BOWLING GREEN, Ky. (WBKO) – 10 middle school teachers from eight states are currently taking part in the National STEM Scholar Program on Western Kentucky University’s Campus.
The program was created in partnership between the National Stem Cell Foundation and the Gatton Academy of Math and Science.
Ten teachers are selected each year from a national pool of applicants based solely on the description of a big idea challenge project.
Selected projects are chosen based on the impact in middle school classrooms where research shows lifelong stem career decisions are being made.
“What we know is that the biggest influence on a student choosing to pursue STEM courses in high school and beyond into college, and technical school is the middle school science teacher. If you don’t get these kids excited about science, by the time they’re in middle school, you’ve lost them, they are not going to major in those courses in college, and they’re not going to take them in high school. So our goal is to inspire the middle school science students and we do that by helping their teachers,” says Dr. Paula Grisanti, the CEO of the STEM Cell Foundation.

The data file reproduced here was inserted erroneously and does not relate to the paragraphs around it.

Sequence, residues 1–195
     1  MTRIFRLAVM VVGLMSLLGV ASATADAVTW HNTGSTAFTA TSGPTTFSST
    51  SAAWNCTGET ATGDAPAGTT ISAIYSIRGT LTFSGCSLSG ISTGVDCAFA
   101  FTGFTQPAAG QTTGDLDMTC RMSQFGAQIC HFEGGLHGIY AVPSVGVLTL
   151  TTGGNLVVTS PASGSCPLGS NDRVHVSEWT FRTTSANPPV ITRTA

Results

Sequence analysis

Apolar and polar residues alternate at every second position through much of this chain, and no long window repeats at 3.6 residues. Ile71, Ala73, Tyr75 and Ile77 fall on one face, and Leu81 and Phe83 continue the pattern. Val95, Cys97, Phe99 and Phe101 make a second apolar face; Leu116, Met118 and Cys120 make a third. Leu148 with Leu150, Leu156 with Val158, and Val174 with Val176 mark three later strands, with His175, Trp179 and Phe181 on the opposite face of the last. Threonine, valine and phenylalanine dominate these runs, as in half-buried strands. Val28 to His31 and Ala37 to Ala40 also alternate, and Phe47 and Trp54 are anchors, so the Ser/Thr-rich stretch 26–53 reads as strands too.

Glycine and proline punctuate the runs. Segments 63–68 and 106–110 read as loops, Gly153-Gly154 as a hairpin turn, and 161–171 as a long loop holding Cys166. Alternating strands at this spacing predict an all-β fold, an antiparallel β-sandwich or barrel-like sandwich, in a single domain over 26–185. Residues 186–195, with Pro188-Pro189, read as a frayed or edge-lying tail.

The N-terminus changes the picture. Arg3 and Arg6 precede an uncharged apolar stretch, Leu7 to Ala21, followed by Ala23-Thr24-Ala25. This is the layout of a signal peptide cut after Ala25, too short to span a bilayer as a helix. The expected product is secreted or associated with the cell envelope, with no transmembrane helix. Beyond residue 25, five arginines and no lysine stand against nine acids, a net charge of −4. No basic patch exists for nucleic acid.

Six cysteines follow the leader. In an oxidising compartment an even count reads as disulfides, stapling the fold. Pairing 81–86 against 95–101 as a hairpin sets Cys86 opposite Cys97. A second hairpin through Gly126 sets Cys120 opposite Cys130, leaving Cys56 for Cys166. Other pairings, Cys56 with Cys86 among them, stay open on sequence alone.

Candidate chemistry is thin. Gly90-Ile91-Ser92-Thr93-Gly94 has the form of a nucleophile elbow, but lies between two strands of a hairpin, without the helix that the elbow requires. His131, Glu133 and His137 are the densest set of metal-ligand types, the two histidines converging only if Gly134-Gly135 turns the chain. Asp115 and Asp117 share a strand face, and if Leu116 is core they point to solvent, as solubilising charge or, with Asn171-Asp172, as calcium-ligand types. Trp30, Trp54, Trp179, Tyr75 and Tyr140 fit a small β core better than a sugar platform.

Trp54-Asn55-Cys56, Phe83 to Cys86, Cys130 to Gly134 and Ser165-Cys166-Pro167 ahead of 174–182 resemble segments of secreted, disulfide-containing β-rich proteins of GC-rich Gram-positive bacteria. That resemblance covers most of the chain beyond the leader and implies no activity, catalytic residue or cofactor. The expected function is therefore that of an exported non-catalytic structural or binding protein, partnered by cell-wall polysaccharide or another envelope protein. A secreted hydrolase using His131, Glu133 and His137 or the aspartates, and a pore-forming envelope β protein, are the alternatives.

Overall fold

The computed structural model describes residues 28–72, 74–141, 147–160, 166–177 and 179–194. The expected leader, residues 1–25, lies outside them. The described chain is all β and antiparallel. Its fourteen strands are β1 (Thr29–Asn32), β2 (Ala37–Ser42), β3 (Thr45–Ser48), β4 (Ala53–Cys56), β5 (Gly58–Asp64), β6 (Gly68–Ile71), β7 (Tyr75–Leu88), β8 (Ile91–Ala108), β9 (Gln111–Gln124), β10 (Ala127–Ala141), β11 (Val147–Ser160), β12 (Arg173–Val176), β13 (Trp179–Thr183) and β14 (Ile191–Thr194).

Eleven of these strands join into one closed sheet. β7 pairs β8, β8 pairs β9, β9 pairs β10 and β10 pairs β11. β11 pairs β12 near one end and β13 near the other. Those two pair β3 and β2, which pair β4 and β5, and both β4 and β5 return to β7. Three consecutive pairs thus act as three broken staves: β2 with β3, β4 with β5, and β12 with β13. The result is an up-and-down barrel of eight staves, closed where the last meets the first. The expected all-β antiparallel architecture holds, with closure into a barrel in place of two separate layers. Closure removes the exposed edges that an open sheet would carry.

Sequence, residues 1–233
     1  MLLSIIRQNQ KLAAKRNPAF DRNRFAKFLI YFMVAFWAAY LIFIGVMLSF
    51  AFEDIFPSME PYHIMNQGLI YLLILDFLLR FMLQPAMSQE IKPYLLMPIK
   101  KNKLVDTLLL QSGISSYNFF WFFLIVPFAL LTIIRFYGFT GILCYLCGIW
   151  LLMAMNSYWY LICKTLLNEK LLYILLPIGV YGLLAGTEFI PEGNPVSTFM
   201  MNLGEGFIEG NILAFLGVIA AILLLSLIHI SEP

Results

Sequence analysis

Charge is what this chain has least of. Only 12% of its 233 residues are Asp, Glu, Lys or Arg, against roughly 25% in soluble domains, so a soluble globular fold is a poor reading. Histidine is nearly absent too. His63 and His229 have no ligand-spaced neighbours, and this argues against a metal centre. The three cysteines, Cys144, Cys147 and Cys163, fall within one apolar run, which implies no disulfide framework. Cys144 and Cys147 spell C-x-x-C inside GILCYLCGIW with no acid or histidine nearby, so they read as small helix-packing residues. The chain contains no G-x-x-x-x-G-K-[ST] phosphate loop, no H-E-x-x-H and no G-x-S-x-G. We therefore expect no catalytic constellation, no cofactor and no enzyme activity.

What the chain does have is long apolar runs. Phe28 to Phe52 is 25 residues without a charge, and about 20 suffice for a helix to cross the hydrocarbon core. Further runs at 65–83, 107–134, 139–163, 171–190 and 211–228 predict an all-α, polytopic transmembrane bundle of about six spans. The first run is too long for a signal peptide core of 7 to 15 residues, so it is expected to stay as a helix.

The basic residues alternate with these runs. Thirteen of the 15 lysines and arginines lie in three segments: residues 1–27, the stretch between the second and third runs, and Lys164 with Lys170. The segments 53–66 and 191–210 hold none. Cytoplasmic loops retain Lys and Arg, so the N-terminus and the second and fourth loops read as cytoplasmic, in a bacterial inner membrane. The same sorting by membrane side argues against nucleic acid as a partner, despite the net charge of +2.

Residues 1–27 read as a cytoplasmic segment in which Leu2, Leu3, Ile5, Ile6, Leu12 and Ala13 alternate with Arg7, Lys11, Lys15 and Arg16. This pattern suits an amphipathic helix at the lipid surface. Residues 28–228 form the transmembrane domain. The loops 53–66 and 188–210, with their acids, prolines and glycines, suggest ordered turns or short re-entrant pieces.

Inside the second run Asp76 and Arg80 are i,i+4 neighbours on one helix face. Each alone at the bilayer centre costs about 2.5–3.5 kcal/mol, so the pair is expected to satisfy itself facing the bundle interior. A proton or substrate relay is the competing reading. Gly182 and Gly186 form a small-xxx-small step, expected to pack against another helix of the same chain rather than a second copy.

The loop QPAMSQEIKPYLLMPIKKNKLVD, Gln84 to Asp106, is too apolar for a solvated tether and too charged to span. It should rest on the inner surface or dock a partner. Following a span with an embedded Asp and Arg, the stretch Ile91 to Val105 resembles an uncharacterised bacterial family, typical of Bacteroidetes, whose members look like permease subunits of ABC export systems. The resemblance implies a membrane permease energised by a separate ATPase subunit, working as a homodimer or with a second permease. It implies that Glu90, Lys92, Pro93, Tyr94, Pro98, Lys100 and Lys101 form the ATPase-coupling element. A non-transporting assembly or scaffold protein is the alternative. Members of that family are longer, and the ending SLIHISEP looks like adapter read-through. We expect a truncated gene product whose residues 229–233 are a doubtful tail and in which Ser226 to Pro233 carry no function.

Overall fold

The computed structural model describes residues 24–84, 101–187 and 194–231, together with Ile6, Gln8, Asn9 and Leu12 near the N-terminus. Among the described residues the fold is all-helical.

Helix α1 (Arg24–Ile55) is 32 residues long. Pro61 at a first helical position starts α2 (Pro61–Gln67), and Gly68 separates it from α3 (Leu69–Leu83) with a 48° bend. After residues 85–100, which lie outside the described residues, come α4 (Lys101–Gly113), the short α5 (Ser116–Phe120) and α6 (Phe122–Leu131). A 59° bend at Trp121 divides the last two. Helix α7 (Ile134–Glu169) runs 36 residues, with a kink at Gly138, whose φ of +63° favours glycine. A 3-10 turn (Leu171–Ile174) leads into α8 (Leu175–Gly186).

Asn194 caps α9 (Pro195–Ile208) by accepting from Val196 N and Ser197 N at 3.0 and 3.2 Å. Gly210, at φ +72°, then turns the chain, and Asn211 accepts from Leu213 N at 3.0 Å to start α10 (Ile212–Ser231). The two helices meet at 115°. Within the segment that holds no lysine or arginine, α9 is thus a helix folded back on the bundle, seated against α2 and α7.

“It’s super important that we have people who are passionate about these subjects who can engage the students and get them involved with things that are hands-on to keep them interested in studying science. Even if they don’t choose a career in science, technology, engineering, or math, continuing to study, the subjects leave so many doors open for them,” adds Michelle Lucas, CEO of Higher Orbits and a former astronaut instructor with NASA.
By June 2023, National Stem Scholars will have directly and indirectly impacted more than 83,000 middle school students in the U.S.
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